Saturday, December 25, 2010

1 year Extension of TAX INCENTIVES for Solar!

This brightens the outlook for the whole solar industry. Santa's gift to you is PV and Hot Water, he doesn't like wind as much.....

This tax benefit is a simple 30% of the project cost, paid within 60 days of project completion, which in most cases is actually better than waiting for a tax credit. It was renewed for only 1 year, which will probably make next October/November/December another 'boom time' with increased costs.

Although we are not tax advisers, we suggest that business owners seriously talk with their advisers about the possibility of "immediate recovery" of PV expenses. In other words, if you know that you are doing PV, you know that your estimated tax burden will be that much less, and in theory you could pay less on the estimated taxes during the year.

2 catches with that approach--You then must make sure you get the PV into place and operational within your tax year, don't wait until the last minute. The end of the year typically see's huge increase in demand for solar since everyone has procrastinated. These supply/demand imbalances cause pricing to creep up into the year end. Full on product availability may make it impossible to complete the project in the required timeframe.

SUPER BONUS! They also doubled the "Bonus Depreciation" which was 50%, and is now 100%. You get to instantly depreciate money that you never paid in the first place.

Sounds too good to be true? Well let's put it this way, the Government is trying very hard to promote solar, and the incentives make it a no-brainer investment. In most cases we can do a free facility analysis and cost and savings estimate.

Wednesday, December 15, 2010

Monday, December 13, 2010

How to read Net Energy Meter Display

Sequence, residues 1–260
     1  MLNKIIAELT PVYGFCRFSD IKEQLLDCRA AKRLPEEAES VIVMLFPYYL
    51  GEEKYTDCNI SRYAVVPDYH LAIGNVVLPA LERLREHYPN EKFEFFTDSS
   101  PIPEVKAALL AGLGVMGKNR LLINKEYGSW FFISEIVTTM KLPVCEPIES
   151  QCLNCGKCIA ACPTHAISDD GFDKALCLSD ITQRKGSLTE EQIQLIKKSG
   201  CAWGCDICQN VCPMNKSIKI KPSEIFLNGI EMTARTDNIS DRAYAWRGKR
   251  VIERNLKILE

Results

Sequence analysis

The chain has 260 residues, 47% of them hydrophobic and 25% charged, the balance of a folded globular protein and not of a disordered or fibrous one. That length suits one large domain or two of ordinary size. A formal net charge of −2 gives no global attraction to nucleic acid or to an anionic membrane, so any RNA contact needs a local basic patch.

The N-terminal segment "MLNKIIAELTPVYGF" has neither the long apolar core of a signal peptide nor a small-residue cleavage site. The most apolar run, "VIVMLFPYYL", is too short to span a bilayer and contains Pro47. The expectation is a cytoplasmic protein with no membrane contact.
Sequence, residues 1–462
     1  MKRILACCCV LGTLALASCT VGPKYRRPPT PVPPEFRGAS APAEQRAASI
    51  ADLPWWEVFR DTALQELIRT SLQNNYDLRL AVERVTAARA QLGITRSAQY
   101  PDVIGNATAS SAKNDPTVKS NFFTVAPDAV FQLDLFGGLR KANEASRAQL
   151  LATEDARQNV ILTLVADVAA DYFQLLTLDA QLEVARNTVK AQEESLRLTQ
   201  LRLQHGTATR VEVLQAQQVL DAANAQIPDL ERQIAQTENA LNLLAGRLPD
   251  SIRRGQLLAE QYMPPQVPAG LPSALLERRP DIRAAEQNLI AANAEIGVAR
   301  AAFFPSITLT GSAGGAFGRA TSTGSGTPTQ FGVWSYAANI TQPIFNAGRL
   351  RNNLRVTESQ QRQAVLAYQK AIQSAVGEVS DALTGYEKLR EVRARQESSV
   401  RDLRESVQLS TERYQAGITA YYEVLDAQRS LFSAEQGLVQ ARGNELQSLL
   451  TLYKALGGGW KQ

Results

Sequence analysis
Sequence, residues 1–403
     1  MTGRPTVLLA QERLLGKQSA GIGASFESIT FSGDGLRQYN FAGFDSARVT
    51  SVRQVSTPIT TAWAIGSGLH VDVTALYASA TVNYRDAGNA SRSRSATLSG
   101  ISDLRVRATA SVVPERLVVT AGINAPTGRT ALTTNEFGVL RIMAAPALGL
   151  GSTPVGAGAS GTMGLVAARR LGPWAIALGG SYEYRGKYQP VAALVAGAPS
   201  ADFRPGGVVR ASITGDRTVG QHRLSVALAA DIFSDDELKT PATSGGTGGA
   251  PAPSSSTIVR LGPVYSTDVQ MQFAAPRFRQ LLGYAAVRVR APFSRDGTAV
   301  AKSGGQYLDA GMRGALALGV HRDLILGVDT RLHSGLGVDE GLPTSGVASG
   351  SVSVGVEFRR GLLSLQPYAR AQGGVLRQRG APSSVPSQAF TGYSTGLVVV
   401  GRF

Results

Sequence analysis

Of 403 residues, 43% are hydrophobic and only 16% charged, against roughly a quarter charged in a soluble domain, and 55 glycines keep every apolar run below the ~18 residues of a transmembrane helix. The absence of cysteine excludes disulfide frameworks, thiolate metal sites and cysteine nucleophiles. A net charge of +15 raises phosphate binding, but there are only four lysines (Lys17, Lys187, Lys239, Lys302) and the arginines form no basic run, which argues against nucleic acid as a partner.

For PV Customers, please check on the below file showing "How to read the Net Energy Meter Display."

Friday, December 10, 2010

Feed In Tariff, Sell Power to HECO

Hawaii’s new feed-in tariff for solar photovoltaic and other renewable energy systems became fully effective Wednesday, Nov. 24, when Maui County and the island of Hawaii joined Oahu in accepting applications.

The payment rates for producers of solar PV electricity and concentrating solar power vary depending on several factors, including system size, and range from 18.9 cents per kilowatt-hour for larger PV systems to as much as 33.1 cents for smaller concentrating solar power systems. Rates also change depending on the applicant’s use of a state tax credit.

Rates are fixed for contract terms of 20 years. Combined with Hawaii’s personal income tax credit and a federal tax credit available for solar energy installations, the feed-in tariff can make solar electricity an attractive option for many homeowners and small-business owners with ample solar resources.

A new website will manage and accept applications for the Hawaiian Electric utilities’ feed-in tariff program, which is designed to encourage the addition of more renewable energy projects in Hawaii.